By Alma Angotti
The Financial Industry Regulatory Authority (FINRA) highlighted manipulative trading related to anti-money laundering (AML), fraud, and sanctions as its own standalone topic in its 2023 Report on FINRA’s Examination and Risk Monitoring Program1 (Report). Recent regulatory rulemaking, enforcement actions, and examination programs indicate an increased attention to issues of impermissible trading practices and market manipulation.
While manipulative practices have always been a focus of both the U.S. Securities and Exchange Commission (SEC) and FINRA, there is a new focus on how firms set up formal governance surveillance for manipulation, with an emphasis on the process for choosing rules, setting thresholds, changing and/or tuning rules as necessary, and filing Suspicious Activity Reports. This focus also extends to the technology solutions (i.e., monitoring software or tools) used for surveillance.
FINRA and the SEC rules prohibit firms and broker-dealers from engaging in improper trading practices, including manipulative trading (e.g., momentum ignition, layering, front running).2
FINRA Supervision Rule 31103 requires the firms to supervise their associated persons’ trading activities and the firms’ supervisory procedures to include a securities transactions process reasonably designed to identify trades that may violate the Exchange Act, SEC rules, or FINRA rules prohibiting insider trading and manipulative and deceptive devices. FINRA Rule 3310 requires registered broker-dealers in securities to have a reasonable program to comply with the Bank Secrecy Act4 and to file suspicious activity reports. These rules are the primary requirements for how firms should design their monitoring and surveillance programs.
In its Strategic Plan for FY 2022 through FY 2026,5 the SEC indicates the protection of the investing public against fraud, manipulation, and misconduct is one of its three major goals that advance the SEC’s mission. The Enforcement Results for FY22 press release6 published by the SEC devotes a separate section to the Market Abuse actions describing the abusive trading cases brought in fiscal year 2022, including cases against senior executives at issuers7 and service providers8, as well as cases originating from the SEC Enforcement Division’s Market Abuse Unit’s use of data analytics that detect suspicious trading patterns.
The 2023 SEC and FINRA enforcement actions charging market manipulation are picking up and indicate a strong intent of the regulators to prioritize manipulative trading enforcement for the current year.
In particular, one of the recent SEC enforcement cases involved charges against a crypto-asset executive and his wholly owned companies for fraudulently manipulating the secondary market “through extensive wash trading.”9 Similarly, a number of FINRA’s recent disciplinary actions included settlements imposing fines for not establishing and maintaining a supervisory system, including written supervisory procedures regarding surveilling for potentially manipulative trading, such as pre-arranged trading, wash trading, and marking the close10. Another FINRA supervisory filing concerned a failure to establish, document, and maintain a risk management controls system and conduct supervisory reviews of the firm’s “electronic trading customers’ trading activity for any type of potentially manipulative trading, including layering, spoofing, wash sales, or marking the close or open.”11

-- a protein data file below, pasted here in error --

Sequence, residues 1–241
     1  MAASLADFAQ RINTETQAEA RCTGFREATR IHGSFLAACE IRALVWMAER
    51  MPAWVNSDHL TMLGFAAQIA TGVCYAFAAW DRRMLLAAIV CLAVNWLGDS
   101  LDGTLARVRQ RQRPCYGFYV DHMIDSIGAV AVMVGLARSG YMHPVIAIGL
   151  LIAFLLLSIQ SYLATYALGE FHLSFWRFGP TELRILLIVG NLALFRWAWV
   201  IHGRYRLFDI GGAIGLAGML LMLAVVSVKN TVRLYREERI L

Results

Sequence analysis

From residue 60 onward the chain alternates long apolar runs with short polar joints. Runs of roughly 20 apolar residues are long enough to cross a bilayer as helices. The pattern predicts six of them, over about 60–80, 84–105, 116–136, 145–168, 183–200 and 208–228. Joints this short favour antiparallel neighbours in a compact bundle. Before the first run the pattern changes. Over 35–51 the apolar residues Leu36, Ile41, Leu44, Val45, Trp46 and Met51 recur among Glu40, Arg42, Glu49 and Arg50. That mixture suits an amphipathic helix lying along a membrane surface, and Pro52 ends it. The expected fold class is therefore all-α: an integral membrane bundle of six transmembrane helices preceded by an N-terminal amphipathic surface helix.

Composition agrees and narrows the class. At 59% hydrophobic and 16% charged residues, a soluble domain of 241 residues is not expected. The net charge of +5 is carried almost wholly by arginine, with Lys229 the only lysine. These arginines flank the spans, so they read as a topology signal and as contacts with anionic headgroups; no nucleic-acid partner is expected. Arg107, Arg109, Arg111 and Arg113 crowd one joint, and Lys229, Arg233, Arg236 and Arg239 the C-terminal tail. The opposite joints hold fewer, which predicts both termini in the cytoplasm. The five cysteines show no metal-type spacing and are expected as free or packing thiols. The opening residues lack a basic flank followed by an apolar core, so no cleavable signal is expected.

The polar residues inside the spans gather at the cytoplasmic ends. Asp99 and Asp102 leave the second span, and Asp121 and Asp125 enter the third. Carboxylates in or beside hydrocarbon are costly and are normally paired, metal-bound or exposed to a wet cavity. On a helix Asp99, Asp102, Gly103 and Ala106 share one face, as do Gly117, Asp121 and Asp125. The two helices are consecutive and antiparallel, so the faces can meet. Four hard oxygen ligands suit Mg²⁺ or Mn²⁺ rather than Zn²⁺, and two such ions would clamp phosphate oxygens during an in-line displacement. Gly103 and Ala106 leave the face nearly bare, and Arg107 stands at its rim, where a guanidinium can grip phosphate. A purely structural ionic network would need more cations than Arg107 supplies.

FINRA’s examination efforts illustrate the following factors that contribute to insufficient market abuse surveillance:
Inadequate Written Supervisory Procedures (WSPs) — FINRA indicates that the firms failed to identify specific steps and individuals responsible for monitoring for manipulative conduct and escalating any detected conduct. FINRA takes this opportunity to stress that trade surveillance procedures are in scope of the firms’ WSPs reviewed by FINRA under its Membership and Registration Rules12. The Report further points out that the firms should regularly assess whether changes in their business model or customer base require changes in supervisory controls to detect possible manipulation.
Non-Specific Surveillance Thresholds — The Report calls out the firms’ failure to design and establish surveillance controls to capture manipulative trading, including thresholds designed to capture the appropriate market class and/or type of securities, or include both customer and proprietary trading, and setting up thresholds that are too low or too high to identify meaningful activity. Specifically, the Report implicitly requires more formal governance of the firm’s surveillance system. It indicates that when establishing or testing their surveillance controls, the firms should take into consideration their business, client base, and structure; test the changes prior to implementing, and monitor them for any unanticipated impact; document the changes and the rationale for such changes.
Surveillance Deficiencies — It is not surprising that a lack of systems governance can lead to inadequate monitoring. FINRA found that the firms did not adequately monitor customer activity for patterns of potential manipulation (e.g., failing to monitor for order entries and trading activity across multiple customers, multiple days, or both; or for trading that appears to lack legitimate economic sense). Additionally, firms did not review surveillance exception reports and document the review findings and failed to consider non-surveillance sources for red flags (e.g., inquiries from regulators or service providers).
The Report shares several recommendations to improve practices in the manipulative trading area and maximize efficient trade surveillance in firms, including:
Manipulative Schemes — Maintaining and reviewing customer and proprietary data to detect manipulative trading schemes (e.g., momentum ignition, layering, front-running, trading ahead, spoofing, wash sales, prearranged trading), including those that involve cross-product as well as correlated securities.